Africa

FW De Klerk criticises Rhodes statue removal campaign

Nelson Mandela and FW De Klerk in 1994 Image copyright AP
Image caption FW De Klerk, pictured here with Nelson Mandela in 1994, helped to bring an end to apartheid

Former South African President FW De Klerk has criticised a campaign to remove a statue of Cecil Rhodes at Oxford University's Oriel College.

Mr De Klerk said South Africa's white Afrikaner population had many reasons to dislike Rhodes but "never thought of removing his name from our history".

Campaigners say the statue venerates the 19th Century colonialist and the values he stood for.

Former Australian PM Tony Abbott has also said the statue should stay.

Mr Abbott, a Rhodes Scholar, said removing the statue would "substitute moral vanity for fair-minded enquiry".

Read more: When is it right to remove a statue?

Upon his death, Cecil Rhodes, who attended Oriel College, left a legacy which has funded the university's prestigious Rhodes Scholarships - postgraduate awards for non-British students.

Mr De Klerk, in a letter to the Times newspaper, said that "for better or worse", Rhodes had made an impact on history, which included the positive contribution of his scholarship scheme.

"If the political correctness of today were applied consistently, very few of Oxford's great figures would pass scrutiny," he said.

He pointed out that Rhodes had been "the architect of the Anglo-Boer War that had a disastrous impact on our people, yet the National Party government never thought of removing his name from our history".

Image copyright Jonathan Hutchinson/Flickr
Image caption Rhodes's statue stands on the building named after him at Oriel College, Oxford

Mr De Klerk also criticised Oriel College's decision to consult on the future of the statue, and remove a plaque honouring Rhodes.

The college, he said, should be "a little more gracious in its treatment of its most generous benefactor" and suggested if his legacy was so "reprehensible" then it should consider returning Rhodes' bequest to the victims of British imperialism in South Africa, the Times reports.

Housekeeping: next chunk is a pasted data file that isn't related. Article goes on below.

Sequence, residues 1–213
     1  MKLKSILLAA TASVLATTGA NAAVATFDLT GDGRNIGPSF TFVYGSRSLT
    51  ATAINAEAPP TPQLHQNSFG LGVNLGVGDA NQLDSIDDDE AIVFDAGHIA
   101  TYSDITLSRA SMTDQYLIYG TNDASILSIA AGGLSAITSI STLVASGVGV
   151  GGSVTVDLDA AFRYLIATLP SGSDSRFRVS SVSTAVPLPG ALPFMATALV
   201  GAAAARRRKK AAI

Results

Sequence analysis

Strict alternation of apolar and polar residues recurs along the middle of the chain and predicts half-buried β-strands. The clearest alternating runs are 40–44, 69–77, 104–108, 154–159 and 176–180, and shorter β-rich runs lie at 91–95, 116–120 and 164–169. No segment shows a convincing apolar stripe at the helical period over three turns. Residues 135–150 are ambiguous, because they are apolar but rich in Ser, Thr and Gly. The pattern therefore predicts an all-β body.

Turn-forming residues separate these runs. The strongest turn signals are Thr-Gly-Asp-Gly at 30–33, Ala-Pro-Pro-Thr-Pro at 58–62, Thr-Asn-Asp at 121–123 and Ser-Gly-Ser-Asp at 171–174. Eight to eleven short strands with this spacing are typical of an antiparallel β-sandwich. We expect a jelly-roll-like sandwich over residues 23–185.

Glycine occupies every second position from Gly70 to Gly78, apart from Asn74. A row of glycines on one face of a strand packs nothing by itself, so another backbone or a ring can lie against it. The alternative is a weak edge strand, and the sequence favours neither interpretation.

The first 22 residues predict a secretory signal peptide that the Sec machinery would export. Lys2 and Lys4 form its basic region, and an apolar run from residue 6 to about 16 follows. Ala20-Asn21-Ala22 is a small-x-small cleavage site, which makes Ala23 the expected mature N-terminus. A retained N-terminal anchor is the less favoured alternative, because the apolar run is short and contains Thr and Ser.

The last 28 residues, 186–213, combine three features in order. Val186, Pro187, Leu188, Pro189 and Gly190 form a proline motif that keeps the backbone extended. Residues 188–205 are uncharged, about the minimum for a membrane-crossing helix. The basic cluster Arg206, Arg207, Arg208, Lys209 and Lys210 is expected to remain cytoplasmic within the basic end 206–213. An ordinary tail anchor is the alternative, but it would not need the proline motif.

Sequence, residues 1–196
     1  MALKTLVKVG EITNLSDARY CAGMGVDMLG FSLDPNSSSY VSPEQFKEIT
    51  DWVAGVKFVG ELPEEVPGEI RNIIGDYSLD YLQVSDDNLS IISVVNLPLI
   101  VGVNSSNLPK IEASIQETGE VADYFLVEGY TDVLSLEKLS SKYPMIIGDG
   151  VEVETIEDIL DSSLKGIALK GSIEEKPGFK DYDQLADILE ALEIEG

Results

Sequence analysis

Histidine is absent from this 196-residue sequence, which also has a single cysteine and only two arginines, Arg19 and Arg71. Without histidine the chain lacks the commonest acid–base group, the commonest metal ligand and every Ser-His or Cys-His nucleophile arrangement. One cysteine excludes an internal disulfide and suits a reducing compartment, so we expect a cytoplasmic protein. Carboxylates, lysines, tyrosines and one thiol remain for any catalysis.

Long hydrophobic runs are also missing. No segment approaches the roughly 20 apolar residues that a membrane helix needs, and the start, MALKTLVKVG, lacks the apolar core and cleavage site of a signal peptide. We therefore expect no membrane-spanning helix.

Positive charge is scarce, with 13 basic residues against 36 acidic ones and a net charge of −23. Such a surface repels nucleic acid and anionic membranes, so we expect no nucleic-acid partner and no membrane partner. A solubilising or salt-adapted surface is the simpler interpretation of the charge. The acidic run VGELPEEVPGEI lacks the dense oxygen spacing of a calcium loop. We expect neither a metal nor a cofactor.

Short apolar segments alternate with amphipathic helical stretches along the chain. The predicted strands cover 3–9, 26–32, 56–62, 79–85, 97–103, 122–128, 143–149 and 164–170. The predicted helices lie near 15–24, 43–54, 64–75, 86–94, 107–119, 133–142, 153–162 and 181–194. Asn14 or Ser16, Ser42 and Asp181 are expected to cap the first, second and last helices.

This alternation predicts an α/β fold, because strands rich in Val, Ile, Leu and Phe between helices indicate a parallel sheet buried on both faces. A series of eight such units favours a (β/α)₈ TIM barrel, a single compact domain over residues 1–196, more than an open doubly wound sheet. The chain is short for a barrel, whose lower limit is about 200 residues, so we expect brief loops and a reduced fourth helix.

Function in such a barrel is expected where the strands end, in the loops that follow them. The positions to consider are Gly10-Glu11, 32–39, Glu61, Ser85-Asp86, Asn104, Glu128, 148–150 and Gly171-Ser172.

The #RhodesMustFall movement began in South Africa, where students succeeded in having a statue of Rhodes removed from the University of Cape Town.

Students involved in the movement argue that Rhodes' involvement in land seizures in 19th Century Africa make him unworthy of commemoration.

More than 2,300 people have signed a petition calling for the removal of the statue from Oriel College.

The movement includes amongst its members several current Rhodes Scholars.

There is also an internal movement of Rhodes Scholars called Redress Rhodes, which says it seeks to work with the Rhodes Trust to "honestly confront" Rhodes' legacy and ensure that more scholarships are awarded to students from African countries and former colonies.

Mr De Klerk, 79, was South Africa's last white president and shared the Nobel Peace Prize with Nelson Mandela in 1993 for helping to bring an end to the apartheid system.

In a statement, the Rhodes Must Fall Oxford (RMFO) movement told the BBC it considered it "despicable that someone who claims to be an 'icon for reconciliation' uses apartheid's National Party as a model for how to deal with colonial symbols".

It added: "His comment that white Afrikaners 'have greater reason to dislike Rhodes than anyone else' embodies precisely the distortion and whitewashing of colonial history that we at RMFO are challenging."


Who was Cecil Rhodes?

Image copyright Getty Images
  • Imperialist, businessman and politician who played a dominant role in southern Africa in the late 19th Century, driving the annexation of vast swathes of land
  • Born the son of a vicar in Bishop's Stortford, Hertfordshire, in 1853, first went to Africa at the age of 17; grew cotton with his brother in Natal, but moved into diamond mining, founding De Beers, which until recently controlled the global trade
  • Rhodes's bequest continues to finance scholarships bearing his name, allowing overseas students to come to Oxford University; most famous of these was probably Bill Clinton
  • Controversial even in his own time, Rhodes backed the disastrous Jameson Raid of 1895, in which a small British force tried to overthrow the gold-rich Transvaal Republic, helping prompt the Second Boer War, in which tens of thousands died

Why is Cecil Rhodes such a controversial figure?


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